And later on as I walked around the headland there were half a dozen others hanging around outside the harbour entrance. The tide is still quite far out and there isn’t enough sea at the Fish Processing Plant for them to come in and unload. It can’t be long though because there wouldn’t be so many out there waiting for Godot when they could be spending the time out there increasing their catch.

snow lighthouse semaphore pointe du roc Granville Manche Normandy France Eric HallBut let’s turn our attention back to where we are at the moment, namely the north side of the headland.

This is pretty much in the shade here and so the sun, such as there is, hasn’t had an opportunity to do very much melting right now and so unless the weather warms up, that snow will be here for a little while.

Not many people out there today either and that’s not much of a surprise. I had on two pairs of trousers so my legs weren’t cold, but that’s about all that wasn’t. I shall be going to the Sports Shop on Saturday morning if I remember for a new woolly hat for my woolly head.

And also a decent pair of warm tactile gloves. My last pair are in the pocket of my blue Adventure Canada jacket, which is hanging up on a peg in a hotel room in Calgary.

lys noir chantier navale port de Granville harbour Manche Normandy France Eric HallWith nothing doing out on the Baie de Mont St Michel, I continued on around the other side of the headland to see what is going on in the chantier navale

And we seem to have had a tactical substitution here on one of the sets of blocks. The fishing vessel that was here for a while has now disappeared, presumably back into the water and has been replaced by Lys Noir, one of the charter yachts that plies for hire out of the port.

With no business right now (and now idea when business might restart) they would be quite right in using this dead period to overhaul the boat and make it ready just in case something positive might happen soon.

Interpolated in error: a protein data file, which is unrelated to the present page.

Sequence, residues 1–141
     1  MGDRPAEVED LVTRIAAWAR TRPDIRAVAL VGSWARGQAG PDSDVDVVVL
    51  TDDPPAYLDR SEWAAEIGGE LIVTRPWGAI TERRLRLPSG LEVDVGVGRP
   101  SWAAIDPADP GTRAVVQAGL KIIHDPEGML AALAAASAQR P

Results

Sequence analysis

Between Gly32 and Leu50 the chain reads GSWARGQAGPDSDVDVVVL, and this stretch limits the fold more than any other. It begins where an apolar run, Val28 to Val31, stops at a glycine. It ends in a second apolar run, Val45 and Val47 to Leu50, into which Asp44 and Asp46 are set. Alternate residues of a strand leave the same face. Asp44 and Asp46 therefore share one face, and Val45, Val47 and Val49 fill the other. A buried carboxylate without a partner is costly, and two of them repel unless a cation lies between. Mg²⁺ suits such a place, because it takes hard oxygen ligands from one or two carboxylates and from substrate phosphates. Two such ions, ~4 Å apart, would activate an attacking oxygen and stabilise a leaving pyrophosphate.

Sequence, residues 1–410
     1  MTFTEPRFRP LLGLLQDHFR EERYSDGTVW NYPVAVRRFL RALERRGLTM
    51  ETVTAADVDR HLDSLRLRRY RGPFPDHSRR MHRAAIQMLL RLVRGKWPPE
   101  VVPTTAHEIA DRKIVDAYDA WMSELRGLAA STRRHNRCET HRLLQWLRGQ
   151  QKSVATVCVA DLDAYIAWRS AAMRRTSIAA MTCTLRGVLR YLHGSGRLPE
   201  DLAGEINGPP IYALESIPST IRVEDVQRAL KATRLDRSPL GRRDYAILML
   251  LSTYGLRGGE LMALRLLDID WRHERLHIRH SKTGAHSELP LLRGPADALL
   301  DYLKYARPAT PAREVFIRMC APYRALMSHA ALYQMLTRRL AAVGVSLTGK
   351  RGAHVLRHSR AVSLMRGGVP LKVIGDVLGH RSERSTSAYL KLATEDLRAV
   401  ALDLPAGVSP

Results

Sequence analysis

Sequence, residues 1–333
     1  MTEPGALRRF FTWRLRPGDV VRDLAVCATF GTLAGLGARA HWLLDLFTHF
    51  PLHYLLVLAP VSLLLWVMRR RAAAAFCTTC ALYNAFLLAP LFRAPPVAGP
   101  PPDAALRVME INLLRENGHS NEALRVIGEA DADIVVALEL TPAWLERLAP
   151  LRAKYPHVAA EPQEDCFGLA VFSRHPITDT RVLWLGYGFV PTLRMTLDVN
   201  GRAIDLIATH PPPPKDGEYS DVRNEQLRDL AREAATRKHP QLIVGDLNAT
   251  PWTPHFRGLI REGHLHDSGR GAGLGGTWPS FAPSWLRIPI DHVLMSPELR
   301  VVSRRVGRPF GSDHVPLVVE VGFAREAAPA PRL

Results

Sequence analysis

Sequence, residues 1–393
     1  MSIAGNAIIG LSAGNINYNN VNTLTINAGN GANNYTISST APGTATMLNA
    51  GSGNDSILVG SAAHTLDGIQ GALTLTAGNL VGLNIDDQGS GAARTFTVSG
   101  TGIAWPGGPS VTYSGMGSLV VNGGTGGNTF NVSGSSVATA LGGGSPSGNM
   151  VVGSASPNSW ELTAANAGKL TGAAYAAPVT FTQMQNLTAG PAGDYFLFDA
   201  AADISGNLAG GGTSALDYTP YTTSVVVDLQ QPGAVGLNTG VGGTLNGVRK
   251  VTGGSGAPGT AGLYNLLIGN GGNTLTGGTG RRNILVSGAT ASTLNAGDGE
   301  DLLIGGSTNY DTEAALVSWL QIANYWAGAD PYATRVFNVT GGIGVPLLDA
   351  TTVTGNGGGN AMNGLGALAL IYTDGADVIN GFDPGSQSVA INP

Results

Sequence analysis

fixing street lights rue des juifs Granville Manche Normandy France Eric HallThat was enough for me. I decided to head on home before I froze to death. But not before I had a good look to see what they were doing down in the Rue des Juifs.

Earlier on in the day I’d noticed this cherry-picker out around the town with the guys doing some work. It looks as if they are checking the street lights to see which ones are out and to replace the dud light bulbs if necessary.

But that’s a pretty pointless exercise if you ask me because with no-one out and about at night, why do you need the street lights? And in any case, regular readers of this rubbish will recall that I almost went base over apex in the dark on my way to the railway station because the street lights had been extinguished.

When I finished my notes on Oradour sur Glane I had my hour on the guitar and it was quite enjoyable. And I’ve noticed that my bass playing seems to have moved up to another level which has pleased me immensely. At one stage I was playing a lead guitar solo on the bass to Neil Young’s “Like A Hurricane” and Tom Petty’s “Mary jane’s Last Dance”.

And my singing seems to be improving too – not actually singing in tune because that’s way beyond the realms of possibility but the fact that I can keep on singing while I’m playing more complicated stuff on the bass.

But at the moment, I’m going all of this on the Gibson EB3. I really ought to be playing it on the 5-string fretless that I bought for my birthday last year, but that’s a complicated machine and there are limits to what I can try to do at any one time.

Tea was a Madras Curry out of the freezer followed by rice pudding. And now I’m off to bed. Flat out tired, I am and that isn’t a surprise given everything that has happened today. And I made 100% of my target today according to the fitbit. It’s been a long time since I’ve done that, considering the lockdown.

No wonder I’m exhausted.

Tuesday 9th February 2021 – IT’S SNOWING!

When I lived in the Auvergne all those years ago we would have snow, snow, and then more snow, sometimes from October to May, as regular readers of this rubbish will recall.

Since I’ve lived here in Granville by the seaside in the prevailing winds, I reckon that I could count on the fingers of one hand, and probably just one of those fingers too, the number of times that we’ve had a snowfall here.